Tested: Straitline Silent Guide
Silent and deadly—the best product you forgot you ever owned
By Seb Kemp
Photo by Anthony Smith
Straitline Silent Guide
I love this product for the same reason I hate It. You see, I put one on my bike 14 months ago and in that time it did nothing. Absolutely nothing. Not once did I have to care for it, pamper it, spend time in the garage alone with it or on the side of the trail fiddling with its bits. I put it on and forgot about it. Simply put, this is the only chain-retention system I will ever recommend without a single hesitation.
I could end the review there because it is that simple. This is possibly one of the best products on the market. Not just the chain retention market, but the whole high performance mountain-bike market. Sure, there are products out there that have more complex knobs and dials, make you a better rider (debatable) and are imbued with a certain radness that only substantial financial means and marketing genius can justify, but none of them are quite so brilliantly simple and effective.
The Silent Guide does what it says on the box. Plain and simple. It’s silent: the elastomeric guides—replaceable and color-coordinated if you require—unlike traditional jockey wheel designs, really don’t make any noise.
It’s carefree. It’s very smooth across the full cassette and doesn’t have the alignment issues of a fixed-pulley design. It also works when the conditions are cruddy; I’ve found guides with jockey wheels tend to jam up and add resistance to the drivetrain, which is definitely unwanted when you are already trying to push through winter’s muck and grime.
It’s tough. I’ve tested this sucker by bouncing the chainring off the knuckle of a large drop and nothing moved or bent. The sliders have also outlived many chains without developing much of a groove in the lower slider. Although it’s also reassuring to know that they are, in fact, replaceable.
It’s light. Considering it has a full bash ring, this thing is remarkably light—only 205 grams, including bash ring and hardware, is entirely worth it for the smooth-running reliability. There are other, lighter guides out there, but they don’t provide the same level of strength and protection. Consider that a weight lifted from your mind knowing you won’t have to ever fiddle with it after installation.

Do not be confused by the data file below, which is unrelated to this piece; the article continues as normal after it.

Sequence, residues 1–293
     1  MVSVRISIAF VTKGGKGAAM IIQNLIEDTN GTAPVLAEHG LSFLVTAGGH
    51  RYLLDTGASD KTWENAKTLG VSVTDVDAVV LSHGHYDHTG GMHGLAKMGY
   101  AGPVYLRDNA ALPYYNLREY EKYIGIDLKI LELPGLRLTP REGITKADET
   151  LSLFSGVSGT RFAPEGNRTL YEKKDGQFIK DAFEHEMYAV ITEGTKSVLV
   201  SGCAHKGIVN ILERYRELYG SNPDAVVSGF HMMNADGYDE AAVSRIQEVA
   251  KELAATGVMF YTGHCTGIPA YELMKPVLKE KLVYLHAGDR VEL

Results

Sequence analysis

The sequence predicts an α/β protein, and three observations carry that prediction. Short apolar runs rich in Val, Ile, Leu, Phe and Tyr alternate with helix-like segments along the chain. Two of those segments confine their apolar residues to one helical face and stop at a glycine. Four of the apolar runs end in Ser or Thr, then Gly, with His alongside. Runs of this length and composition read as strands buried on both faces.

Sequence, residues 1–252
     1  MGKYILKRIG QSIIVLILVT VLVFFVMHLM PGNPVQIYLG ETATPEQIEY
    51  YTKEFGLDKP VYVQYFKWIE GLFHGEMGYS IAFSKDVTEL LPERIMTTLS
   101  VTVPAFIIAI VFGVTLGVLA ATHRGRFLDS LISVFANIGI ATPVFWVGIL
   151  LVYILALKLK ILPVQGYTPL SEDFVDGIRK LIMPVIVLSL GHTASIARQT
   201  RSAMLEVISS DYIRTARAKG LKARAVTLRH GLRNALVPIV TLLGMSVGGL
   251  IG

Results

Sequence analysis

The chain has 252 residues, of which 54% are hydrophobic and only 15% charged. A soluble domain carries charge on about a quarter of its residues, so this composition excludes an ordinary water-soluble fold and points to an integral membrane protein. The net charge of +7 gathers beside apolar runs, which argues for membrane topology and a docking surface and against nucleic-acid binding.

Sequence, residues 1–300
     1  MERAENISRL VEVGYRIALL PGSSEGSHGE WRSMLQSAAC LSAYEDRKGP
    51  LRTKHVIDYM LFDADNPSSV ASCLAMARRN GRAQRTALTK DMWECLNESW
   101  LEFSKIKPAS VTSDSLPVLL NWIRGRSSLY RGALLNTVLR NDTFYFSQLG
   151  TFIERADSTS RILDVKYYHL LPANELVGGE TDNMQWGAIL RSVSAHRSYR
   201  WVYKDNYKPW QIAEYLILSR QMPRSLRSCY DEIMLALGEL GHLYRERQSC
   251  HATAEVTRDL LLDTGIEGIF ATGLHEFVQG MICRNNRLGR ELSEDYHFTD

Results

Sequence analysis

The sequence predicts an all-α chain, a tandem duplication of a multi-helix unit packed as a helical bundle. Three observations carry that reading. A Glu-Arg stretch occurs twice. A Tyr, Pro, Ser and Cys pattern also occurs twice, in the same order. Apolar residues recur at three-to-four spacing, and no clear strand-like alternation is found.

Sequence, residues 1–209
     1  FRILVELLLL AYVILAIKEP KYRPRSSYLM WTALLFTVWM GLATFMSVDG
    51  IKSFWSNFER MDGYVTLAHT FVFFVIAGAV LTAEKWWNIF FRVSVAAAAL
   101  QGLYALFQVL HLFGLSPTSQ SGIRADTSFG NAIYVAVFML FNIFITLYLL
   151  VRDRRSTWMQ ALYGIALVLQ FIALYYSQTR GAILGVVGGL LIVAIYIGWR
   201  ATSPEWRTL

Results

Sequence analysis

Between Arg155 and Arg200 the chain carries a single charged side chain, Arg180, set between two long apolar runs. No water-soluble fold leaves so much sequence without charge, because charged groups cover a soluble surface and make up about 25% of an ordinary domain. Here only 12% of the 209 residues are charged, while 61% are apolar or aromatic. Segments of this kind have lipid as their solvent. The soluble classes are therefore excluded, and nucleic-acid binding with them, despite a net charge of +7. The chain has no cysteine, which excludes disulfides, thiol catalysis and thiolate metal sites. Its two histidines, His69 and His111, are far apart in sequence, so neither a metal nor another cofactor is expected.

If you think chain-retention devices are for downhillers and freehuckers, then you are missing out on some of the vital leaps in technology that have occurred in recent times. The recent jump to 2×10 systems was kinda neat, but not because of what happened at the front end of them, but rather what happened out back. A 36-tooth cassette gives riders the climbing gear they need and anyone that has thought this through has probably realized that they can now dump the front mech entirely. A 1×10 setup is much more manageable than many riders realize. [Editor’s Note: This review was written and published prior to the release of SRAM’s XX1 single-ring drivetrain system, which makes it a very prescient bit of writing and, yes, Seb is still all about the single ring on his trail bikes.]
For the past year and a half I have been sans front derailleur and I have no intention of going back to having multiple chain rings up front. Why would I? It’s simpler, there is less to go wrong or wear out, I never have to drop a chain ever again, it’s lighter, less chain slap makes things quieter—and it’s faster. Yes, faster. A granny ring doesn’t make things easier, it just prolongs the time you spend on the climb. Just try the 1×10 setup and you might surprise yourself with how little you miss grinding little Ms. Granny.
It is only a matter of time until the front derailleur becomes a niche item—or perhaps entirely redundant. Chain guides are going to be appearing on a lot more bikes and the Straitline Silent Guide should be gracing yours. It might not be the sexiest product out there, but the time it will free up will allow you to focus on your own physique instead.